Law school after 50

texaslawyer
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Re: Law school after 50

Postby texaslawyer » Mon Apr 13, 2009 11:17 am

Milkwasabadchoice I've seen people go to medical school and become surgeons in their 50s and I've seen people start new careers at virtually any age. If I rolled over an played dead every time some assbite said I couldn't or shouldn't do something I WOULD NEVER HAVE ACCOMPLISHED A DAMN THING ! It's all about surivial in any endeavor which one undertakes. I believe I could cut it at any schhol, yes even the Holy Grail of this board Yale. I venture to say that most people piss up a rope if they had to change carrers in middle age. Most don't have the guts to do it, I already have and plan to keep reinventing myself. I'm a trust fund baby so my retirement was very well covered before the markets tanked. It will come back and I'll be fine. Now Junior go play with your little brother !

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rbergevine
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Re: Law school after 50

Postby rbergevine » Mon Apr 13, 2009 12:54 pm

milkwasabadchoice wrote:even if you do "quite well", I'm just surprised that you would want to start a career at 53 years old...

What type of law will you practice? How much do you have saved for retirement? Can you use a computer? Do you spend 30 min. in the grocery store trying to decide which granola cereal to buy? Do you decide in the end to just not buy granola cereal and then drive home going 35 in the right lane of a two laned highway?


Real classy post

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milkwasabadchoice
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Re: Law school after 50

Postby milkwasabadchoice » Mon Apr 13, 2009 12:57 pm

rbergevine wrote:
milkwasabadchoice wrote:even if you do "quite well", I'm just surprised that you would want to start a career at 53 years old...

What type of law will you practice? How much do you have saved for retirement? Can you use a computer? Do you spend 30 min. in the grocery store trying to decide which granola cereal to buy? Do you decide in the end to just not buy granola cereal and then drive home going 35 in the right lane of a two laned highway?


Real classy post



thank you

texaslawyer
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Re: Law school after 50

Postby texaslawyer » Mon Apr 13, 2009 1:17 pm

Milk, I'll practice criminal law. DUIs. drugs assaults and whatever goon comes into my office.

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Lily
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Re: Law school after 50

Postby Lily » Mon Apr 13, 2009 1:20 pm

texaslawyer wrote:Milk, I'll practice criminal law. DUIs. drugs assaults and whatever goon comes into my office.


If you do DUIs, I have a recommendation regarding advertising. This past weekend, I was at an event where you had to get a wristband in order to buy beers/drinks. A local attorney who does DUIs had an advertisement on the wristband. GENIUS! I can't figure out why I haven't seen this before. It seems like a no-brainer.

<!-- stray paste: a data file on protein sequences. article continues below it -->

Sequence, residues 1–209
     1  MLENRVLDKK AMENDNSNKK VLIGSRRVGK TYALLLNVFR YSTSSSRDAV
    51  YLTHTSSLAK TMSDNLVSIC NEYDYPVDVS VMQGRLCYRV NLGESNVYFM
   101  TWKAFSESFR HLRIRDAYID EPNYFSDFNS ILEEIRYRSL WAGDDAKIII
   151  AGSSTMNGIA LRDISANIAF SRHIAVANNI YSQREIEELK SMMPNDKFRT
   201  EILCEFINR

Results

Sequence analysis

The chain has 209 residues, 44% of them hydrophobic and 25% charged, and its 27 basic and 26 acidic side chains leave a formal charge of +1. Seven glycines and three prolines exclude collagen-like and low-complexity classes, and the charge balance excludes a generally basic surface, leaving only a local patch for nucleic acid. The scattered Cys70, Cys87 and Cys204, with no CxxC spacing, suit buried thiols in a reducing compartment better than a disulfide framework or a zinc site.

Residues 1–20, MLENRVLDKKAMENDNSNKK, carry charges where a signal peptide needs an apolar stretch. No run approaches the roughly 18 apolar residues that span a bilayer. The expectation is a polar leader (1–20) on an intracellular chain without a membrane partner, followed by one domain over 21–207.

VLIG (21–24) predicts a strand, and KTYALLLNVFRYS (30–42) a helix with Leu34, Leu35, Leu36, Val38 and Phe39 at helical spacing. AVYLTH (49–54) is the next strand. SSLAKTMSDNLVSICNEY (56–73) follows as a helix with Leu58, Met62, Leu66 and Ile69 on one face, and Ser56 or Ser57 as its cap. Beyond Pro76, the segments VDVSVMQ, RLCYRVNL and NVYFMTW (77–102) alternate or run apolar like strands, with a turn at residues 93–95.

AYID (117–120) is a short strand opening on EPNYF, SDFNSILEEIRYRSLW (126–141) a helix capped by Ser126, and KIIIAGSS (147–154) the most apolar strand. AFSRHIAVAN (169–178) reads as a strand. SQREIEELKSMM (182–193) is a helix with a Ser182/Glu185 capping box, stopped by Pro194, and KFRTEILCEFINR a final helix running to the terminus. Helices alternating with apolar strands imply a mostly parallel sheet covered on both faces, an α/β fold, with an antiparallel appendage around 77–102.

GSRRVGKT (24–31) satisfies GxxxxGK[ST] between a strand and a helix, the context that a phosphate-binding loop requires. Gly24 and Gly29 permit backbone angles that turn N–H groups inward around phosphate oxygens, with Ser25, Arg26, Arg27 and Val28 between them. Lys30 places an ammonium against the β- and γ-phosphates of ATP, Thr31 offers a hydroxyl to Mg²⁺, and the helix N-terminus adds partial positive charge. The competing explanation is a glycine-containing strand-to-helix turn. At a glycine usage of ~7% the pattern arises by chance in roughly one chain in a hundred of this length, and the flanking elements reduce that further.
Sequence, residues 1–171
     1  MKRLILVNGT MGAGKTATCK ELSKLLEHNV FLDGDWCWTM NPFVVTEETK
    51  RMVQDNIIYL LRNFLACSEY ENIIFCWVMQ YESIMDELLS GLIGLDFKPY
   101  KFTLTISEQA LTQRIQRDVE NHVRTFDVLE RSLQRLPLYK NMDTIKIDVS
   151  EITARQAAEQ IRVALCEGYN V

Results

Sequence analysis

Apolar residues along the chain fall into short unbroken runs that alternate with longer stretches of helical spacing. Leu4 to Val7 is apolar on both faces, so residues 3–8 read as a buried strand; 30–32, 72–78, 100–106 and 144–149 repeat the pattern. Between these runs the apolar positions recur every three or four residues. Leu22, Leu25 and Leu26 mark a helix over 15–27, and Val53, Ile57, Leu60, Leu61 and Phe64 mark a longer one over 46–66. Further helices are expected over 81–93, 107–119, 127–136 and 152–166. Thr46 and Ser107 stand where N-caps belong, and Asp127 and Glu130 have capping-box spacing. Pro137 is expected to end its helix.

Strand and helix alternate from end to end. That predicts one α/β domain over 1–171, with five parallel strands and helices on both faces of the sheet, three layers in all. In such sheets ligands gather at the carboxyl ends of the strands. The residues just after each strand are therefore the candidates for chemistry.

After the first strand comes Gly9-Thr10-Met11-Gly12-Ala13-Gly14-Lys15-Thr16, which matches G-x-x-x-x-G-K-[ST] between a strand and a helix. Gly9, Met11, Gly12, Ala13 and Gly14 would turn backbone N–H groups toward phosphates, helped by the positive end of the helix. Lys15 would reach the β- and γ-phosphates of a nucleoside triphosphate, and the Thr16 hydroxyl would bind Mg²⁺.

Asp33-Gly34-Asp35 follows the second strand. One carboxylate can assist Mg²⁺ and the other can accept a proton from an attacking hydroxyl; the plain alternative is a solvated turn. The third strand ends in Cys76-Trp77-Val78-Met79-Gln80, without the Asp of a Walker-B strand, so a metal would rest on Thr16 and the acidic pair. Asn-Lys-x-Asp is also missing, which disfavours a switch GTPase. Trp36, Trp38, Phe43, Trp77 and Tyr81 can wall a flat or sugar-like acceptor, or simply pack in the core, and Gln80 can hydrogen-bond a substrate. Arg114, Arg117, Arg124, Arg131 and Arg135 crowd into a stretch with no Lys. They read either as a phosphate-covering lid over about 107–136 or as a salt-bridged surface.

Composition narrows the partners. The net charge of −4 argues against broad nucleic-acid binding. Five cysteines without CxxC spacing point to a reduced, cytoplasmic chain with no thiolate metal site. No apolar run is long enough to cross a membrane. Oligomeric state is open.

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JazzOne
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Re: Law school after 50

Postby JazzOne » Mon Apr 13, 2009 1:37 pm

Lily wrote:
texaslawyer wrote:Milk, I'll practice criminal law. DUIs. drugs assaults and whatever goon comes into my office.


If you do DUIs, I have a recommendation regarding advertising. This past weekend, I was at an event where you had to get a wristband in order to buy beers/drinks. A local attorney who does DUIs had an advertisement on the wristband. GENIUS! I can't figure out why I haven't seen this before. It seems like a no-brainer.


There is a lawyer who leaves a stack of business cards in the restrooms of the local bars in my city. I always thought that was a clever way to target your likely customers.

The wristband idea is great since you will likely have the wristband on when you get to jail. It might be even funnier if it was a bail bondsman.

texaslawyer
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Re: Law school after 50

Postby texaslawyer » Mon Apr 13, 2009 1:54 pm

Since the advertising prohibition for lawyers advertising has gone by the wayside, one must be creative in securing clients. I know an attorney in a major college town who speaks at many of the fraternity and sorority houses at the beginning of each semester and he does quite well. He isn't real popular with local law enforcement, but c'est la vie. DUI is extremely difficult to defend, especially in Florida. Typically the cases drag on for 2 years or more and the attorney tries to make the cop look like an idiot. The usual fee is $35k+, but if a person gets to keep their license and have no conviction on their record then it might be worth it.

BradMM
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Re: Law school after 50

Postby BradMM » Fri Apr 30, 2010 5:41 pm

This is an old thread that I arrived at via a Google search. Re: retirement, I'll have mine at 56 and am considering the same route as texaslawyer. At this point, I'm just exploring but I'm in great health and have my financial matters all in line already... just would like to do something different for my remaining work years. I don't play golf or fish so why not!?! 8) My wife is a PhD and will likely continue teaching, son is in Med School so that's kind of what we do.

Renaissance
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Re: Law school after 50